Ret. Navy Adm. James Stavridis, calling for a de-escalation of the rhetoric between North Korea and President Donald Trump, said we’re in “an upward spiral” of military readiness and hopes we can “internationalize this problem” and find a “diplomatic” solution on the Korean Peninsula this week, he said Sunday.
“Let me start with the bad news: We’re in an upward spiral – very aggressive rhetoric both from Kim Jong Un, the leader of North Korea, and President Trump,” Stavridis told “The Cats Roundtable” on 970 AM-N.Y. “That rhetoric is driving both militaries to a higher level of readiness to conduct operations.”
The most pressing issue currently “is the possibility of North Korea launching four missiles at the island of Guam,” the former supreme allied commander of NATO told radio host John Catsimatidis.
“So, the bad news is we’re in an upward trend of rhetoric and also military readiness,” Stavridis added. “Now, the good news is, we still have a diplomatic path to play here, and I’m hopeful as the week unfolds we’ll see cooler heads prevail both in Washington and Pyongyang.”
Stavridis, author of “Sea Power, The History of Geopolitics of the World’s Oceans” spoke of a four-pronged approach to the standoff.
- “Increase our missile defense capability.”
- “Internationalize this problem.”
- “Enforce the new United Nations sanctions.”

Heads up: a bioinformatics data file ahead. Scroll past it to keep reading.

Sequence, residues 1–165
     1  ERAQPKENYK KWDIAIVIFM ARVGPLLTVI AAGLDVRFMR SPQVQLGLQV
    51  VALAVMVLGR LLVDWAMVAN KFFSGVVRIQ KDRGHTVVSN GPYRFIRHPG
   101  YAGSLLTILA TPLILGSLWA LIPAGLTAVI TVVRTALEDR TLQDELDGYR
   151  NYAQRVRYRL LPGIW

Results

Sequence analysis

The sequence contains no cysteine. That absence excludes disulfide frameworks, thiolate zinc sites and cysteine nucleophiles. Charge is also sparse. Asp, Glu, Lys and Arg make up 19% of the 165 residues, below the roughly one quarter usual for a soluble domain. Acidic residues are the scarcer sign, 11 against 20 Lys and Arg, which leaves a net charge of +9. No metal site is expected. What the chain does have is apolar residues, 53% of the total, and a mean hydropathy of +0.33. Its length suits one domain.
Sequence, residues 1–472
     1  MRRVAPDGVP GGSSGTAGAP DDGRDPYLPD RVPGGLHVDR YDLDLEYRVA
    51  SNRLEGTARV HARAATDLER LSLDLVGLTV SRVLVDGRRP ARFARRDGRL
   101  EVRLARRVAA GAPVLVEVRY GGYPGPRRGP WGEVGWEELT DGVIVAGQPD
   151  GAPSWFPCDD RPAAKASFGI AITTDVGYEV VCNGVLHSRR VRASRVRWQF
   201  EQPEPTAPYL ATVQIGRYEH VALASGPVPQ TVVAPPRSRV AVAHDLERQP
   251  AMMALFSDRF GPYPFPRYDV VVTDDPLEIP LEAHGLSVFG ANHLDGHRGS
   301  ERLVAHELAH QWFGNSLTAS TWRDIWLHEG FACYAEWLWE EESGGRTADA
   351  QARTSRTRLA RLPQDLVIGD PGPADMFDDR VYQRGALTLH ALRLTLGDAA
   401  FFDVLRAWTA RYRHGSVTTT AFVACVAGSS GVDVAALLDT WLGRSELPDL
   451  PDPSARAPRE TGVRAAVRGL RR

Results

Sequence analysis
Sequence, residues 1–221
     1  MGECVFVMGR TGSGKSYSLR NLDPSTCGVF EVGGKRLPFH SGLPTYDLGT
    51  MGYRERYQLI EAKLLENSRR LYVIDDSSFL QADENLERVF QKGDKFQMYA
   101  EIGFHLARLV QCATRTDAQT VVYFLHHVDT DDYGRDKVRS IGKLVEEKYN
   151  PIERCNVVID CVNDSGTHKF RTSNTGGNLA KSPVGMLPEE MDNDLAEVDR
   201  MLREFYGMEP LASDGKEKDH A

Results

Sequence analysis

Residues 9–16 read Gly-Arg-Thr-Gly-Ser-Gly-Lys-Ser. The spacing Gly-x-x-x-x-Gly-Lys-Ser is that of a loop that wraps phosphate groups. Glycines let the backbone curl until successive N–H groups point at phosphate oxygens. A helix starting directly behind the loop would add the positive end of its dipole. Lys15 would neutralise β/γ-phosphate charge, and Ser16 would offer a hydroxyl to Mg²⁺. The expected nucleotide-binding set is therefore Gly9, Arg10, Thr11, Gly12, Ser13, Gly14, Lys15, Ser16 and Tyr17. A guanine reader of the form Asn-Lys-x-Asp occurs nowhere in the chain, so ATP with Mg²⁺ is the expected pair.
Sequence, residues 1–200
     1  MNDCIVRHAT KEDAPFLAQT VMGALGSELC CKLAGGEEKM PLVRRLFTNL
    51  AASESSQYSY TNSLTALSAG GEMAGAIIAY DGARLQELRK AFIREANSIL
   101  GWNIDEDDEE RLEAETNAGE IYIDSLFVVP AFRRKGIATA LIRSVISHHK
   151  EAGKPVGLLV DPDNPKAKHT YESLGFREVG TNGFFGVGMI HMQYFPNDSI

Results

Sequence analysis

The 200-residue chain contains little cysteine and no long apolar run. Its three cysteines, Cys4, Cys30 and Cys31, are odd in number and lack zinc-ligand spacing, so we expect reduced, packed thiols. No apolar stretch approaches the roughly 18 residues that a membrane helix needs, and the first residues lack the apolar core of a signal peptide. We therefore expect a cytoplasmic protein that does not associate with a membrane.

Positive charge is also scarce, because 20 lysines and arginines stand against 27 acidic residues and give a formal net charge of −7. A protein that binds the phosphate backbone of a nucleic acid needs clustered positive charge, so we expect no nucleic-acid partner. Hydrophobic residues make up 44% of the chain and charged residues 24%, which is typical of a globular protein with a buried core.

- “Get China using their leverage against North Korea.”
“We need to internationalize this problem, instead of treating it as though it’s the United States versus North Korea,” Stavridis said. “This should be about the world versus North Korea.”
China is the key early this week, he concluded.
“We need to get China using their leverage against North Korea, because they control 90 percent of that economy, and they have zero interest in a war on the Korean Peninsula,” he said.
“It will require Chinese muscle economically against North Korea. That is the most important factor to watch as this week unfolds.”
Stavridis echoed the nonpartisan refrain of this not being the fault of President Trump – it is not a fight he started, but it will be one he will have to finish.
“The other presidents had the luxury of kicking the can down the road; however, President Trump will have to deal with this,” Stavridis said. “I think over the next few weeks we’ll get the outline of how he intends to go. Whether it’s use military force, or it’s try and use diplomacy and economic levers. I hope he chooses the latter course.”
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